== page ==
My solution. Keep it illegal and just fine the heck out of those who get caught. If they can't pay, then severe community service.

swiss cheese kat's picture
swiss cheese kat

Making mj legal would free up prison space and LE could go after harder drugs like heroin and cocaine.

No one is forcing you to smoke it. So why do you care what effects it has on others?

propman

Really?
Lets wait for more serious problems before dealing with them?
When punishment is delayed or not enforced then the ones who commit the infractions WILL continue on and push the boundaries further and further.
I ha d two roommates when still in school who were both alcoholic and pot smokers. Believe me the pot had worse effects because they never believed it effected them in any other way then making them feel better. At least with the alcohol they knew it had certain effects that could cause trouble when they drank.

Dr. Information

@sck. Easy to say that it doesn't affect others when in reality it does and it will. You do not think emphysema, COPD, cancer, asthma or any other related illness's do not effect others? How many welfare people smoke, have related issues and get treated for free via Medicaid. The answer, more than enough. How many "stoned while driving" accidents will we see if any and everyone can buy weed? Plenty, and it will cost families, tax payers, towns money.

Pill form for terminal cases if it relieves the pain, Im all for. However, making something legal is not the answer.

propman

We taxpayers have been roped into paying for illegal drugs.
Thanks Congress, once again you have shown your incompetence.

doNOTlistenHEAR

Yeah read deeper it will be grown and sold to ""lab rat" states"" look at colorado selling "hi'gh'" grade marijuana. What happens when you cant afford it. Steal sht to pay for it..... o my im going to jump on the band wagon and open a pawnshop in colorado.. good thinkin slim w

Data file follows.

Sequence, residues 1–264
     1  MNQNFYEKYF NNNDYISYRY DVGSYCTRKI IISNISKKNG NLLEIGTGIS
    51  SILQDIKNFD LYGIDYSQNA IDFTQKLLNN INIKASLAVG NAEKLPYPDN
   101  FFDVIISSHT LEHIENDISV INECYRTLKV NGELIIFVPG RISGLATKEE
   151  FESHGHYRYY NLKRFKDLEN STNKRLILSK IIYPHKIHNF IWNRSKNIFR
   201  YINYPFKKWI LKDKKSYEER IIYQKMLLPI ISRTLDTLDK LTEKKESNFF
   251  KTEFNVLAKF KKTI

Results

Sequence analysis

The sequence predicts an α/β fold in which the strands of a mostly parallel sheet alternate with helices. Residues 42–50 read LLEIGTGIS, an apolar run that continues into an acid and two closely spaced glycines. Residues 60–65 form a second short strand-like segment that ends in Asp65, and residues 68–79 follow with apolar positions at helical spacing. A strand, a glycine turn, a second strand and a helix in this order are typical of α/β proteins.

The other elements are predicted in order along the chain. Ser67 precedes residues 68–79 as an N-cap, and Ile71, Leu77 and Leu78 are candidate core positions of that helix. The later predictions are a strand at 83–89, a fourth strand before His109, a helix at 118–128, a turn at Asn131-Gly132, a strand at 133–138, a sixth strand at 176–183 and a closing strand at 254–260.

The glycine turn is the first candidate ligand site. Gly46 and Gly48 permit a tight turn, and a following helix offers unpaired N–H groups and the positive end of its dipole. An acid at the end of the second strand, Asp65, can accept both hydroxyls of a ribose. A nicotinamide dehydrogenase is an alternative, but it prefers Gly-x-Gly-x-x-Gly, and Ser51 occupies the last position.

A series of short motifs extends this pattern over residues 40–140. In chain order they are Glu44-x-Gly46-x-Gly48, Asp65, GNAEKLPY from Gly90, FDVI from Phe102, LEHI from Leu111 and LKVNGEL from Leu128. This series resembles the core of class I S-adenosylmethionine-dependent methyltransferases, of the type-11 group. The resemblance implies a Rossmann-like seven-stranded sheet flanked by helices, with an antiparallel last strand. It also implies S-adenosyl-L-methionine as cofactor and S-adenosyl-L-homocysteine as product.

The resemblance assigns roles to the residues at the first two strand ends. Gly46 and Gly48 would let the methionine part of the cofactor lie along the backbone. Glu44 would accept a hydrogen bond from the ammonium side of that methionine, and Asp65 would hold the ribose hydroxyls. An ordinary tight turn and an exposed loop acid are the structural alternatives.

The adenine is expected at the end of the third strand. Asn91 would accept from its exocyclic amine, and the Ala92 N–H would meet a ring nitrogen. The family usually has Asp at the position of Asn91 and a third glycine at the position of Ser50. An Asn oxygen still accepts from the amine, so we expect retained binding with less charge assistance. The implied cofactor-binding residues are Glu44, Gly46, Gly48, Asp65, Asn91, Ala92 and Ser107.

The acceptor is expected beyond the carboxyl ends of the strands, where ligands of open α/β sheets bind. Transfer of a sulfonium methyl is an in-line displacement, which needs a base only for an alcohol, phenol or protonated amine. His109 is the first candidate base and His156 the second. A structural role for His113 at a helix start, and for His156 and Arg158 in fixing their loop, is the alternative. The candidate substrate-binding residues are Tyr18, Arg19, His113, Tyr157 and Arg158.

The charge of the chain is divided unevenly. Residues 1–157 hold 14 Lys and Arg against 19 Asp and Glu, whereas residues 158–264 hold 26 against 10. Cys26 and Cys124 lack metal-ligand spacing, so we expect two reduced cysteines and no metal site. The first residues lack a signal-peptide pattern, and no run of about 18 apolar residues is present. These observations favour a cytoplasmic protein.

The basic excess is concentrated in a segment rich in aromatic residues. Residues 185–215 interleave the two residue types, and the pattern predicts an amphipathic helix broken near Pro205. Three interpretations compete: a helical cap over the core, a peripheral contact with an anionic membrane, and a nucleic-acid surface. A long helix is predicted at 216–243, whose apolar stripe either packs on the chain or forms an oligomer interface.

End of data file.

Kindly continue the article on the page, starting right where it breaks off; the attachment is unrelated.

Contango

Two topics are being unnecessarily conflated:

Legalizing ganja and industrial hemp.

Two totally different topics.

Hemp was last legally grown during WWII when the War in the Pacific cut off imports of Asian jute.

It was mostly used for making rope.

But industrial hemp has numerous uses: biodiesel, medicine, paper products, clothing, et. al.

Hemp was called "ditch weed." Smoking it mostly gets one a headache. Ya might as well smoke corn silk.

H*ll, Geo. Washington grew hemp. You think that he sat around and got high?

Dr. Information

Finally. Someone with some actual facts.

Contango, real question here. We have "mostly liberals" who say fighting MJ is a billion dollar war that cannot be won. Then on the other hand these same people want to fight the trillion dollar war to save a degree over the next 100 years with their non fact backed global warming rants. Ironic isn't it.

Contango

IMO, the 'crux' of the MJ issue is that according to fed law it remains illegal.

We have an AG & a Prez. who chooses which laws to enforce and which to ignore.

Who knows what the next AG & Prez will say?

Our nation was built as a 'nation of laws,' in contrast to Europe, which were 'nations of men.'

Business especially (nor a nation) can long survive with the understanding that the game is '21' and then the govt. comes along on a whim and says, "Oh no. The 'game' is 25."

I'm essentially a free-market guy. Far too much corporatism (fascism) in our socio-economic environment.

kURTje

Yeah Dr..Agri-bussines/ PAC groups hate hemp. Especially Monsanto. That product is too easy to grow & has too many diverse uses. Stinkin conservatives. They hated R.Diesel also.